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The Oldest Map with the Name America
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Amazon.com Amazon.com Review (ISBN 0375501606, Hardcover)"Someday / you could even write a poem," Lucia Perillo tells her newborn nephew in "The Sportsmen's Guide," then ruefully adds,
the tradition of whichThis is, in a sense, the distillation of both Perillo's poetic voice--funny, knowing, tough--and her mission: to show the world in all its beauty and terror and strangeness. Is there a better title, anywhere, than "Thinking About Illness After Reading About Tennessee Fainting Goats"? ("Stopped in their tracks / they go down like drunks.... / How cruel, gripes a friend. But maybe they show / us what the body's darker fortunes mean-- / we break, we rise. We do what we're here for.")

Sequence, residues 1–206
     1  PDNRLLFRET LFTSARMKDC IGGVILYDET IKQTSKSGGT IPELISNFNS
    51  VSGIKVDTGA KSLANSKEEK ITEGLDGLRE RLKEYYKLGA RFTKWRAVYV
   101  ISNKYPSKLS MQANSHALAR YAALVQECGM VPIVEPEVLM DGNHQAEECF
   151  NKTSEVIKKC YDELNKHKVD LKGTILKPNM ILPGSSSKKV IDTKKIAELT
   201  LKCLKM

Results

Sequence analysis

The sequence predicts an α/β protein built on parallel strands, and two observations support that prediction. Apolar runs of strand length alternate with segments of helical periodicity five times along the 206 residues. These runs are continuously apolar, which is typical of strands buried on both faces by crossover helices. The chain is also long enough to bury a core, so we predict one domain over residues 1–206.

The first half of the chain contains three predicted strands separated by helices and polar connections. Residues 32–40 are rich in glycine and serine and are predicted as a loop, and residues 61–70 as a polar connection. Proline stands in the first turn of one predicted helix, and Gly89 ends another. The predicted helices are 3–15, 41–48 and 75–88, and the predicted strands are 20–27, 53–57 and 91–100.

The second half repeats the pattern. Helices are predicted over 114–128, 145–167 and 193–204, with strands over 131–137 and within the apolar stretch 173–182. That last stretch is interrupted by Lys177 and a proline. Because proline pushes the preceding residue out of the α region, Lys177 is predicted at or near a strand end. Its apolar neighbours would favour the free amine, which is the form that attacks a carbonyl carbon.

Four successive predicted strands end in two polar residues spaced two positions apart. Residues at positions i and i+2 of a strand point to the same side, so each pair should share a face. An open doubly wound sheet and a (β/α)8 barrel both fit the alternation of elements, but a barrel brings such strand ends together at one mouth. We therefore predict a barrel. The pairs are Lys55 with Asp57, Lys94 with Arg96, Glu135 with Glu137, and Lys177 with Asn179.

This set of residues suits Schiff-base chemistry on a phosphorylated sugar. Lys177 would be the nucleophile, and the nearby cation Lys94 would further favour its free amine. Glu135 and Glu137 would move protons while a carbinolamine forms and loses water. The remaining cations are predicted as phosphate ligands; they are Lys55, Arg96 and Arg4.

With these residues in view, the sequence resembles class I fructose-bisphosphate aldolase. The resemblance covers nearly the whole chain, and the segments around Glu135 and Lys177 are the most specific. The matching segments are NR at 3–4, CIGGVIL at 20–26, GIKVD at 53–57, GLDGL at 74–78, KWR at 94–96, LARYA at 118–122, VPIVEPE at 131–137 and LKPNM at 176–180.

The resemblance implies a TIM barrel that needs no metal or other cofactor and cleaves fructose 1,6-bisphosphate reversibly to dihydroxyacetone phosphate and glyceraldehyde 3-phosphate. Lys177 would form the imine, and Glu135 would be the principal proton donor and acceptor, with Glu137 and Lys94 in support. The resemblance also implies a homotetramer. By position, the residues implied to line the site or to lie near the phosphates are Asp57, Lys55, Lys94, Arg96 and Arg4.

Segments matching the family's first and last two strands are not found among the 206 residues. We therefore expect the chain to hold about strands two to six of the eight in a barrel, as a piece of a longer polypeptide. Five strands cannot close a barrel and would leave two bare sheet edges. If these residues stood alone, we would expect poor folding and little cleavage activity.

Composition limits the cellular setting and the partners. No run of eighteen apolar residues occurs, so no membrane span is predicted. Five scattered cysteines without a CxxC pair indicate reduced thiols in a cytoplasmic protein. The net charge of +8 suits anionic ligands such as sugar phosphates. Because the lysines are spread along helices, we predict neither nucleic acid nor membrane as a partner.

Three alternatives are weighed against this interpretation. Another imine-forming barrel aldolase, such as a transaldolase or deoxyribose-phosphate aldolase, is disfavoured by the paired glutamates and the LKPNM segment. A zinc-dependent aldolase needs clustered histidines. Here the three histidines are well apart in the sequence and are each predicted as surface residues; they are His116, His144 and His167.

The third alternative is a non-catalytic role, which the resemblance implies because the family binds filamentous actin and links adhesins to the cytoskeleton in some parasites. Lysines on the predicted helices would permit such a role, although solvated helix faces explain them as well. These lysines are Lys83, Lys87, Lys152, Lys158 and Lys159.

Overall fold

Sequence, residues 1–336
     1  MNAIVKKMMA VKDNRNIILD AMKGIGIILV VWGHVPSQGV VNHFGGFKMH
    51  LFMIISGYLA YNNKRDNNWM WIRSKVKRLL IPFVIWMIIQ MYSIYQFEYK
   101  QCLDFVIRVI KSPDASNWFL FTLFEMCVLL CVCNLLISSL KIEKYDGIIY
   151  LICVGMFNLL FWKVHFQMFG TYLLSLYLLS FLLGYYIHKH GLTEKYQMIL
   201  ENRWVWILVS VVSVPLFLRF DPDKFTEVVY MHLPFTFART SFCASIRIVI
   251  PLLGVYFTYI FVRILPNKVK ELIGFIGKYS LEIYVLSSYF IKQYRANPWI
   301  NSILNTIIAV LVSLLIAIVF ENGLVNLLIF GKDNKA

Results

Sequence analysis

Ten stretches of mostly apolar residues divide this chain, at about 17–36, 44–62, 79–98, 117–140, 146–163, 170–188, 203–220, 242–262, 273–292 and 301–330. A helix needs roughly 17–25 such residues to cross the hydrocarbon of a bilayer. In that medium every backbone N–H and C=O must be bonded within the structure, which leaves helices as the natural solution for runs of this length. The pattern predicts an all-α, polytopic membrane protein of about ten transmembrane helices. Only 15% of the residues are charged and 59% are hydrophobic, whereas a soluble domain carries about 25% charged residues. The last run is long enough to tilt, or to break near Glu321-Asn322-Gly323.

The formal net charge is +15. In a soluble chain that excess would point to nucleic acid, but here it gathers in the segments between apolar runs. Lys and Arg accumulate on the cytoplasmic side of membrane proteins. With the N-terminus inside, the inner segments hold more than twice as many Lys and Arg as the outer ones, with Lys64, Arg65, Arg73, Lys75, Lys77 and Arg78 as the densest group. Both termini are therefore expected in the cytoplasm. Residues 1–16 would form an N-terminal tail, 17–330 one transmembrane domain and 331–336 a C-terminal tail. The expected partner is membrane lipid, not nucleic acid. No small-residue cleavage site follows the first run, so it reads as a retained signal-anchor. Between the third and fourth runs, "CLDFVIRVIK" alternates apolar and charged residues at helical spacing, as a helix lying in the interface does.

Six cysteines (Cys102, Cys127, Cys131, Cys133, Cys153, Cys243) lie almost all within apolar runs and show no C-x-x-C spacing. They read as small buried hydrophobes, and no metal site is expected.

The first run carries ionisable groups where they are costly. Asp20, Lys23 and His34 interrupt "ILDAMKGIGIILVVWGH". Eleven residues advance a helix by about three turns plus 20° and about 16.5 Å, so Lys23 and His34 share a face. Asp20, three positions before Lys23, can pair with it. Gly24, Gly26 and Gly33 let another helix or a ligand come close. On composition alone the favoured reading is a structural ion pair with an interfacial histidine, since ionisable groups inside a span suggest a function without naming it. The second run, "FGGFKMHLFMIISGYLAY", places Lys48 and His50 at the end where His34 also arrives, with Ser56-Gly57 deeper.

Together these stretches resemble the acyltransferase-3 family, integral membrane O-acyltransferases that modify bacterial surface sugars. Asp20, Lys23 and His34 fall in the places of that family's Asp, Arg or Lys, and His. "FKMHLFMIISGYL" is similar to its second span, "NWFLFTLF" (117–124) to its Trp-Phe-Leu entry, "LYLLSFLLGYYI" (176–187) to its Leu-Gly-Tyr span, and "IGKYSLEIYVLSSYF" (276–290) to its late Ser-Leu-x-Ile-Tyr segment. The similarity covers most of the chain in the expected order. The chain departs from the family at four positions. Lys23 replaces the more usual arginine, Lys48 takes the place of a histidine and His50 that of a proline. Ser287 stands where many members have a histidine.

For Perillo, transcendence is an ambiguous business. "The Body Rising," for instance, moves from airborne disasters and funeral-home smoke to the miracle of teenage punks handed up from the mosh pit "weightless and waterlogged, bullied and buoyed." But for every body rising, there is another that wants to fall. Perillo's women hitchhike and rock climb; they earn their Girl Scout merit badges in "Dangerous Life." In "Pomegranate" her ambivalent Persephone must choose between, on the one hand, "the underground gods and their motorbikes" and, on the other, "daylight, sure / but also living with her mother." It's the tension between these that makes Perillo's dangerous poetry sing; she's like the narrator of "Kilned," who sculpts with molten lava "to see what this catastrophe is saying." The world may indeed be a muckheap, but these poems never fail to surprise. --Mary Park
(retrieved from Amazon Thu, 12 Mar 2015 18:10:19 -0400)
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